When I saw a question from an user in the MSDN forums about animating an user control to give the exit effect while clicking a button, I thought this would be an excelent opportunity to create a series of posts here in the blog, showing many ways to do it.

Although I will put the alternatives here, some can be not so good: this post, putting animation on the code behind, although easy to implement, has these disadvantages:

  • The animation code is put on the code behind, a technique I don’t like. I don’t think that the MVVM pattern should have zero code behind, but I don’t like to put code behind, unless is indispensable and strictly related to the view.
  • It’s not design friendly – if the designer wants to change the animation, the code should be changed.
  • It’s not portable – if you want to create the same animation on other places, the code must be copied or refactored to be accessed from other places.
  • It’s not easy to manipulate – everything is on the code. Any changes, like the duration of the animation must be changed in code.

We have the following problem: we have a control in the window and we want to hide it when the button is clicked with an animation, like we see below:


To do that, we should create a transformation for the control, of type RenderTransform and animate it. We can do everything in code this way: at the button click, we create the transform, add it to the control and animate it:

private void Button_Click(object sender, RoutedEventArgs e) { // create the transformation and add it to the control var translate = new TranslateTransform(0, 0); gridLogin.RenderTransform = translate; // create the animation and start it var da = new DoubleAnimation(0, -ActualWidth, new Duration(TimeSpan.FromMilliseconds(1000))); translate.BeginAnimation(TranslateTransform.XProperty, da); }

This code has many shortcomings:

  • It can only be applied to our control. To add it to another control, we must copy the code.
  • The animation duration is 1 second – the duration is fixed.
  • It only animates from right to left.

In this first phase, we can refactor the code and leave it more generic:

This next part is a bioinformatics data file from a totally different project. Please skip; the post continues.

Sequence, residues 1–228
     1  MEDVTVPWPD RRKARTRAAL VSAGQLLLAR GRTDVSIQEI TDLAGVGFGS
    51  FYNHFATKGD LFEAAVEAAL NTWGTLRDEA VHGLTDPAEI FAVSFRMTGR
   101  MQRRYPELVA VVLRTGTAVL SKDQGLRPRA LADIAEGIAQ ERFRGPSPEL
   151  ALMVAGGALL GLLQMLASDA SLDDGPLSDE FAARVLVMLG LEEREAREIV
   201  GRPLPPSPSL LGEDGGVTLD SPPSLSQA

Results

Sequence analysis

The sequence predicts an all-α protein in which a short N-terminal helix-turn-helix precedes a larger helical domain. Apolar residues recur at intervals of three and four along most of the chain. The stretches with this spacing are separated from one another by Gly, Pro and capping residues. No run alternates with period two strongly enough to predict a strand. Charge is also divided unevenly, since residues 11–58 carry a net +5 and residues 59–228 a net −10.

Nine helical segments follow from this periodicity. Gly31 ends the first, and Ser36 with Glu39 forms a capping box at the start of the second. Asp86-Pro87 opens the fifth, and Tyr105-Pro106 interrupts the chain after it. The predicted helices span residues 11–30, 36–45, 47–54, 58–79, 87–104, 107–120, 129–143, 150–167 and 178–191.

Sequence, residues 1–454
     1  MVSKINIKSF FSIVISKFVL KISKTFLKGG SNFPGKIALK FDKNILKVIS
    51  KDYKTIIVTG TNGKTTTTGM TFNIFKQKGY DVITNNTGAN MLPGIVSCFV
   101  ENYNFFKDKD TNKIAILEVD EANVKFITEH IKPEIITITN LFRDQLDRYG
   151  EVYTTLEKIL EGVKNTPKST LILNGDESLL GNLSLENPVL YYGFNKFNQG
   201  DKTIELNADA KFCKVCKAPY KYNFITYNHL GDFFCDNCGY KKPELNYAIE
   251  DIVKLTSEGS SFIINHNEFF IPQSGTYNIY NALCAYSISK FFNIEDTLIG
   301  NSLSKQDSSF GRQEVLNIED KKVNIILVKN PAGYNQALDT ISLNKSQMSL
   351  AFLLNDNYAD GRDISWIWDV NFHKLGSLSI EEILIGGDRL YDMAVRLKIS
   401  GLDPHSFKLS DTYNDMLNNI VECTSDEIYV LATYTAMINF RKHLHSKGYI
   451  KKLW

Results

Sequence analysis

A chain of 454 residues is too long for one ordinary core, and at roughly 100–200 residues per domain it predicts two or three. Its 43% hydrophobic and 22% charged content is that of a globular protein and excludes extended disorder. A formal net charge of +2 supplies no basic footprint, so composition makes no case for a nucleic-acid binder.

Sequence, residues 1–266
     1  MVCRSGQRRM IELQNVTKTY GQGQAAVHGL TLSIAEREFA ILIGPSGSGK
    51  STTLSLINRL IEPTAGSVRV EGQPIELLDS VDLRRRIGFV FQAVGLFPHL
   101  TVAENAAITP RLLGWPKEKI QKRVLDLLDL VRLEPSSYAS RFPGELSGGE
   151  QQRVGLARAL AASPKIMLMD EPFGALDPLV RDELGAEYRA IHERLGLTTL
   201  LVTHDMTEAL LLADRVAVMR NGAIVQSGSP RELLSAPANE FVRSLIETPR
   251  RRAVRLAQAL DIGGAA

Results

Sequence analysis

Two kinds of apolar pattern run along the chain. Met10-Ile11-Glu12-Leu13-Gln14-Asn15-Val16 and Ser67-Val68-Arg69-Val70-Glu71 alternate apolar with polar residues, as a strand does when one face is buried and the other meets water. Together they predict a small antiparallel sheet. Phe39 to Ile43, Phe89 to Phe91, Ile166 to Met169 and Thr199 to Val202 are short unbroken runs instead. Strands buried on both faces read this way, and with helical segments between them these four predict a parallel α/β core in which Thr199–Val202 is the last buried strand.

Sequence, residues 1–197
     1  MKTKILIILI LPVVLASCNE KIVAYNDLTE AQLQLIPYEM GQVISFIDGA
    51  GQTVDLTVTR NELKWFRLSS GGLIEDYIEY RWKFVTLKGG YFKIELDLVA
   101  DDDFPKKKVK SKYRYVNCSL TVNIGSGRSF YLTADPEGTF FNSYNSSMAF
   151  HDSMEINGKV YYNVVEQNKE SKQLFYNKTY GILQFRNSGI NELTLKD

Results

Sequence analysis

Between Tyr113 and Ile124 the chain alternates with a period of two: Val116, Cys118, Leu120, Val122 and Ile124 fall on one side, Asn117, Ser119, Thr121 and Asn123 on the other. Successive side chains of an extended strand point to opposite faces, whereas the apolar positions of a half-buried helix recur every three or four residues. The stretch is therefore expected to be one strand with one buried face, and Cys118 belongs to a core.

public enum AnimationType { Right, Left, Up, Down } private void Button_Click(object sender, RoutedEventArgs e) { AnimateControl(gridLogin, TimeSpan.FromMilliseconds(1000), AnimationType.Left); } private void AnimateControl(UIElement control, TimeSpan duration, AnimationType type) { double xEnd = 0; double yEnd = 0; if (type == AnimationType.Left) xEnd = -ActualWidth; else if (tipo == AnimationType.Right) xEnd = ActualWidth; else if (tipo == AnimationType.Up) yEnd = -ActualHeight; else if (tipo == AnimationType.Down) yEnd = ActualHeight; // create the transformation and add it to the control var translate = new TranslateTransform(0, 0); control.RenderTransform = translate; // create the animation and start it if (tipo == AnimationType.Left || tipo == AnimationType.Right) { var da = new DoubleAnimation(0, xEnd, new Duration(duration)); translate.BeginAnimation(TranslateTransform.XProperty, da); } else { var da = new DoubleAnimation(0, yEnd, new Duration(duration)); translate.BeginAnimation(TranslateTransform.YProperty, da); } }

Although the code is larger, it is more generic and allows to be reutilized. We can use any control, set the duration and the animation direction. It still isn’t ideal, but it’s better than last code, non reutilizable. On the next posts, we will see other ways to do it. See you then!

Leave a Reply

Your email address will not be published. Required fields are marked *

Post Navigation